[span class=note]This story is from the January 2009 edition of INSTORE[/span]

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Gene the Jeweler

When Gene the Jeweler Speaks, His Employees Listen

In this episode of Jimmy DeGroot’s Gene the Jeweler series, Gene has a simple request for his employees. The good news is that they follow his instructions. The bad news is that they follow a bit too literally.

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Tip Sheet

Make Sure You’re Part of Your Charitable Giving, And More Tips for May

You’ll get to meet more people and feel better about your involvement.

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CUSTOMER SERVICEIn the Kid’s Corner

Adults needn’t be the only ones who view jewelry stores as houses of goodies. In addition to its well-appointed kids’ corner, Renaissance Fine Jewelry in Brattleboro, VT, provides customers’ children with gift-wrapped presents to make them feel special, too. “They will remember the stuffed animal or the funky handbag they got at Renaissance Fine Jewelry,” says owner Caitlyn Wilkinson.

PERSONAL Go Gray

Worried your relationship with your phone is less than healthy? Switch your display from color to grayscale, recommends Catherine Price in her book How To Break Up With Your Phone. (This is apparently so threatening to phone makers’ addiction business model, it’s hidden five levels deep on the iPhone: go to Settings > General > Accessibility > Display Accommodations > Color Filters.) Instantly, your phone is vastly duller. Try it for a day.

CHARITY Sell On Site

When you’re asked to donate to local charities, make sure to choose only events that allow you to personally participate, says Dianna Rae High of Dianna Rae Jewelry in Lafayette, LA. This way, you’re building relationships, rather than just donating an item to sit on a silent auction table. For example, when the local ballet asked High to sponsor their annual event, she paid the sponsorship fee and asked if she could set up a small table of jewelry for sale with a percentage of sales going to the ballet. “The women loved it, we sold a lot of jewelry, I met new people, and the ballet received more than if I had just paid the sponsorship,” High says.

STRATEGY Good Citizens

If you refer to potential customers as “prospects” or “targets,” Seth Godin urges you to stop and instead call them “citizens.” His argument is based on the view that the conventional marketing terms don’t reflect the way power has shifted in the marketplace. “Citizens are no longer the weak, isolated pre-consumers in front of a TV set in 1971, with few options. Now, they appear to be holding all the cards. It sounds a bit pretentious, but then, so do most terms marketers use.” You can’t help but become a little more humble and respectful, Godin says, when you use this term.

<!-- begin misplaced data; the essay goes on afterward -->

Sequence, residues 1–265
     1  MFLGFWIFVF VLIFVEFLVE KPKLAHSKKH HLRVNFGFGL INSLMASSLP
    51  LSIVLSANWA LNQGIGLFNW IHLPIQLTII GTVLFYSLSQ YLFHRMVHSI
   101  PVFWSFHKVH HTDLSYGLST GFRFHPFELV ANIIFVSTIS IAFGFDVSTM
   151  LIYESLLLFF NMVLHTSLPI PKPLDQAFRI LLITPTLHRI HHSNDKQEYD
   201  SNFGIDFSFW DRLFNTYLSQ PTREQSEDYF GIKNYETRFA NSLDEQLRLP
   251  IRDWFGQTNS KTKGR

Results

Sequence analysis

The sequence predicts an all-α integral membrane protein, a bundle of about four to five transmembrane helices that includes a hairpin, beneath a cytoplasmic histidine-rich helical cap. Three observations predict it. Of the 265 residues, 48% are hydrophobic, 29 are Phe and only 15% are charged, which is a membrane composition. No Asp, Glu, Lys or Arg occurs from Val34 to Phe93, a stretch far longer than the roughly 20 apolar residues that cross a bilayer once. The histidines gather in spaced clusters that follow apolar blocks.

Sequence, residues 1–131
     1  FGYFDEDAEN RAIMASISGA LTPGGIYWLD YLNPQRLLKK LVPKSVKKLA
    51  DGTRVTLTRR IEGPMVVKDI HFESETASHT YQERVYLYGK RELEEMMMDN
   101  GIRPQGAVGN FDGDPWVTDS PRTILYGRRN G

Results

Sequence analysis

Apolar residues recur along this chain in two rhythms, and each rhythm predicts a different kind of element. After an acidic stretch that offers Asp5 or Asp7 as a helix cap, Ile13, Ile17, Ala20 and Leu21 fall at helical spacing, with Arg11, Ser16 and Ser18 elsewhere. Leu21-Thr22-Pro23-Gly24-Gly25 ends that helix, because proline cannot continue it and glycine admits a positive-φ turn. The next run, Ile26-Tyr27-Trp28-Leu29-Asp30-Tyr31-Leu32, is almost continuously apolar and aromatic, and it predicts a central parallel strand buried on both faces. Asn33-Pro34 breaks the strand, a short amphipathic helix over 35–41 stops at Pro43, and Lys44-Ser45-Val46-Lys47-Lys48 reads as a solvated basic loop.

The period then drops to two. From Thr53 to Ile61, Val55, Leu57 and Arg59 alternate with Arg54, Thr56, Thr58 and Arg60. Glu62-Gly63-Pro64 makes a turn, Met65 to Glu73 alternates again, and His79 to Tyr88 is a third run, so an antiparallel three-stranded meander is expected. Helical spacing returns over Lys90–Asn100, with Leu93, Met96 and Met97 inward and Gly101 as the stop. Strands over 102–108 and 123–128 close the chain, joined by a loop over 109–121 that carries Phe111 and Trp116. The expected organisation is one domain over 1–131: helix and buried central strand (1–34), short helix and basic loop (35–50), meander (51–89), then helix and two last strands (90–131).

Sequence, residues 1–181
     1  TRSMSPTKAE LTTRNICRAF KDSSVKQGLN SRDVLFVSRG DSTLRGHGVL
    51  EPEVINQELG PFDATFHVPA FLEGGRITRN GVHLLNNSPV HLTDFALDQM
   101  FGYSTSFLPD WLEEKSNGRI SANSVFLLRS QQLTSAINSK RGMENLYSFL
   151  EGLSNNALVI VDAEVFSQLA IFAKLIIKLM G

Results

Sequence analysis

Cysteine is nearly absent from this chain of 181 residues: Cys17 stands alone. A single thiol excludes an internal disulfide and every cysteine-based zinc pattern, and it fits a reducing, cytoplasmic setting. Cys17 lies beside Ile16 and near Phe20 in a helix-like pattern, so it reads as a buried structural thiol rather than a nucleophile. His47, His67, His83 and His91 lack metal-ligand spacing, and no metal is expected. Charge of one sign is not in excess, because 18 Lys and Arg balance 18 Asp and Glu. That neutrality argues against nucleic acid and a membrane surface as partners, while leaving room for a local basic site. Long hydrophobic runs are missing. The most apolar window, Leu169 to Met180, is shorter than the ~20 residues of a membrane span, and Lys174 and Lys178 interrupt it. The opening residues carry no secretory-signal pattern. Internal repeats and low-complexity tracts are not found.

TIME MANAGEMENTLeave the Mess for Now

If you typically feel the urge to straighten your desk before you can start on meaningful work, The Guardian’s Oliver Burkeman suggests a simple rule: reschedule. “If your job permits it, schedule a daily deck-clearing hour — but at 4.30 p.m., not 9 a.m.,” he says. “It’s time to abandon the secret pride we procrastinators feel in having completed 25 small tasks by 10 a.m.; if they’re not the right tasks, that’s not really something to be proud of.” Instead, Burkeman recommends the timeworn advice to work on your most important project for the first hour of each workday.

MANAGEMENTMore Donuts

Want to add some fun to your store? Take a tip from Sherrie’s Jewelry Box in Tigard, OR, where “you’re never late to work if you bring donuts,” owner Sherrie Devaney says.

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Tip Sheet

How to Become an Idea Machine, and More Tips for April

One tip involves a jeweler who allowed a client to pour his own gold.

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Strategy Be an Idea Machine

Write down 10 ideas a day. “Do it for six straight months and see what happens. It actually turns into a super power,” says serial entrepreneur and author James Altucher. To collect his ideas, Altucher buys 1,000 waiter’s pads at a time from restaurant supplies websites (10 cents a pad). “They’re great for meetings because I have to keep concise lists, and they’re always good conversation starters.”

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Podcast: This Advertising Copywriter’s Last Minute Pitch Changed Everything

Podcast: Millennial Gem Trader Dave Bindra Steps Into ‘The Barb Wire’
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Management We Are Family

Leitzels’ Jewelry in Myerstown and Hershey, PA, has a cool rule to reinforce the store’s culture: Every day, each team at both its stores must include a Leitzel family member. “We take pride in every aspect of the business and build relationships. It is easy to overlook how cool it is to be a family-owned and operated business,” says third-generation co-owner Allison Leitzel-Williams.

Customer service Pour It On